Injection Molded 3D Prints? AddiFab Can Do That

Injection Molded 3D Prints? AddiFab Can Do That

AddiFab’s 3D printer set up in a workshop [Source: AddiFab]

AddiFab’s 3D printer set up in a workshop [Source: AddiFab]

Injection molding and 3D printing would seem to be rather different making processes, and they are.

But somehow AddiFab has mixed the two processes together to create something entirely new, which they call “Freeform Injection Molding”. Their process seems to have many of the advantages of both techniques.

The Danish company was formed around 2014, but has been under wraps for most of their existence. We first learned about AddiFab earlier this year, and have been keeping up with their team including a recent rather significant investment.

I was able to speak with AddiFab representatives recently about their technology.

Freeform Injection Molding Process

Three stages of AddiFab’s Freeform Injection Molding process, from left to right: 3D printing a mold; injected thermoplastic; mold dissolved away [Source: Fabbaloo]

Three stages of AddiFab’s Freeform Injection Molding process, from left to right: 3D printing a mold; injected thermoplastic; mold dissolved away [Source: Fabbaloo]

At its core, their technology is straightforward — although entirely unique in the industry. They have developed an unusual proprietary 3D printable liquid photopolymer resin that can be dissolved completely.

What’s much more complex is how this resin is used in their Freeform Injection Molding process. Here’s how it works:

  • A 3D model of a desired object is created

  • A negative of the 3D model is created — a mold

  • The mold is 3D printed using the special AddiFab resin

  • The print is then placed in an injection molding machine and hot thermoplastic is pressed into the cavities of the print

  • The print/injection combo is placed in a special undescribed solution, where the print dissolves, leaving the completed injection molded part

A very complex object made with AddiFab’s Freeform Injection molding process [Source: Fabbaloo]

A very complex object made with AddiFab’s Freeform Injection molding process [Source: Fabbaloo]

AddiFab’s 3D printer [Source: AddiFab]

AddiFab’s 3D printer [Source: AddiFab]

I should point out that AddiFab has not only devised this unusual resin, but they have also produced a 3D printer.

This device is said to be made with industrial-grade components and is suitable for factory use, as it includes VOC filtration, safety doors and other features. I’m not sure whether the resin can be used in other 3D printers, but that might be a possibility.

Front view of AddiFab’s 3D printer [Source: AddiFab]

Front view of AddiFab’s 3D printer [Source: AddiFab]

Freeform Injection Molding Benefits

There are some interesting observations about this process:

Since the printed resin is solid and thermally resistant, it can be used with almost any type of commercially used injection molding thermoplastic — including those that are not currently available for 3D printing in other processes.

The injection molding process is very quick, and is literally identical to conventional injection molding — the machine I saw was in fact a common small injection molding device with no modifications.

While the injection is quick, the production of the mold takes the same time as normal 3D prints do: slow. This means the Freeform Injection Molding process cannot replace injection molding for mass production.

Why Use Freeform Injection Molding?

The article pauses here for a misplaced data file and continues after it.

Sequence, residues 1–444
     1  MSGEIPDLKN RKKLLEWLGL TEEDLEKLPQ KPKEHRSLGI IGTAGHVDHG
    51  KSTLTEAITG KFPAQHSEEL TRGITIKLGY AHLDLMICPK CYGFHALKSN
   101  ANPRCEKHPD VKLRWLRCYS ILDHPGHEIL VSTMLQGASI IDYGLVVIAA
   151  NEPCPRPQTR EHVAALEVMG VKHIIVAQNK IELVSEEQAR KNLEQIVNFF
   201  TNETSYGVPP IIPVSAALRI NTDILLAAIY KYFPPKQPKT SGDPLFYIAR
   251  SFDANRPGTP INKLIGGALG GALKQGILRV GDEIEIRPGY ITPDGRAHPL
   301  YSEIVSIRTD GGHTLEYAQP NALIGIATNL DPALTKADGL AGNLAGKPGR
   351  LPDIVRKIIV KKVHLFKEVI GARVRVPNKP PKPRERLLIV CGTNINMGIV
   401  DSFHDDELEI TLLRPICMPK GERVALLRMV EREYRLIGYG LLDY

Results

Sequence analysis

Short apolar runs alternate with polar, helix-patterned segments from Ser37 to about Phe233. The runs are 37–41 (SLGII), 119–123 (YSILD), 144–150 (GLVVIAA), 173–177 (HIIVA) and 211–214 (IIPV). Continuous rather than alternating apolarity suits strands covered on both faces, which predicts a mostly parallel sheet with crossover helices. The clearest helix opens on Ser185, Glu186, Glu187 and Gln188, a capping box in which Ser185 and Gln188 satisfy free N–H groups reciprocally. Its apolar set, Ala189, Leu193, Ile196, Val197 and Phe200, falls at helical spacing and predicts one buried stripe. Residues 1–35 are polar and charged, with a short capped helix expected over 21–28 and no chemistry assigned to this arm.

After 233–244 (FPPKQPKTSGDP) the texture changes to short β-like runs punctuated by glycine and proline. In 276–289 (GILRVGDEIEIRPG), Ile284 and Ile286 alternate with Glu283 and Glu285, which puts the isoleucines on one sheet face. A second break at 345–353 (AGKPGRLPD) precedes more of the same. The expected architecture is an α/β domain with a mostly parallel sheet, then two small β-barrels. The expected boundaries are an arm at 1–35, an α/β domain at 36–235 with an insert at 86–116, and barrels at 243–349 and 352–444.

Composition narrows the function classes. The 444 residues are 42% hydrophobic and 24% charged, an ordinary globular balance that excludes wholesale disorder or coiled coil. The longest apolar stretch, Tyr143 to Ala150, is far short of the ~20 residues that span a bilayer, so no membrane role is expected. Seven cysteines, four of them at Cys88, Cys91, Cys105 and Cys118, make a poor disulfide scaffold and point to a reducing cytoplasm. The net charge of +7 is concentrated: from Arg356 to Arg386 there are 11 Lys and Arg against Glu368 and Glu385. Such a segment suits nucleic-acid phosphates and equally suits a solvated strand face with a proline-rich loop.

Why use Freeform Injection Molding then? It seems that AddiFab has found an interesting niche: injection mold prototyping.

Normally the process of injection molding first involves the creation of a metal mold. This is a very expensive process and is only worth doing if there is an expectation its cost will be defrayed over many thousands or even millions of units.

The question being solved here is this: “Should I invest in production of an injection mold if I don’t know whether there will be demand for units?”

Prototyping Injection Molding

Using the AddiFab technology it would be possible to inexpensively produce objects virtually identical to proposed injection molded versions without the cost of preparing the metal mold. In this way a business could gauge the demand by making “prototypes” of the proposed item.

These could be made in the final required material, without any of the usual constraints found when 3D printing an object directly.

The Freeform Injection Molding process would allow a business to go into low-volume production for a product in anticipation of a later switch to a proper metal mold for mass production injection molding.

In this way AddiFab creates a kind of “bridge” between the two worlds of low-volume 3D printing and high-volume mass production.

Low-Volume Manufacturing

There’s another use case, which I suspect might be of slightly less interest, and that is ongoing low-volume production of geometrically challenging objects. These would be objects that could not properly be made using conventional injection molding, but require materials not available to 3D printers.

Metal objects produced with AddiFab’s Freeform Injection Molding process [Source: Fabbaloo]

Metal objects produced with AddiFab’s Freeform Injection Molding process [Source: Fabbaloo]

Note that the Freeform Injection Molding process works with not only thermoplastics, but also with MIM (Metal Injection Molding) and ceramics as well. This opens up the possibility of using virtually the entire worldwide catalogs of such industrial materials in the process.

After seeing this process first hand, I am very impressed at not only the technology but the ingenious nature of how it has been knitted into the actual workflow of a manufacturing process. It’s no wonder the company has received additional significant investment.

Via AddiFab

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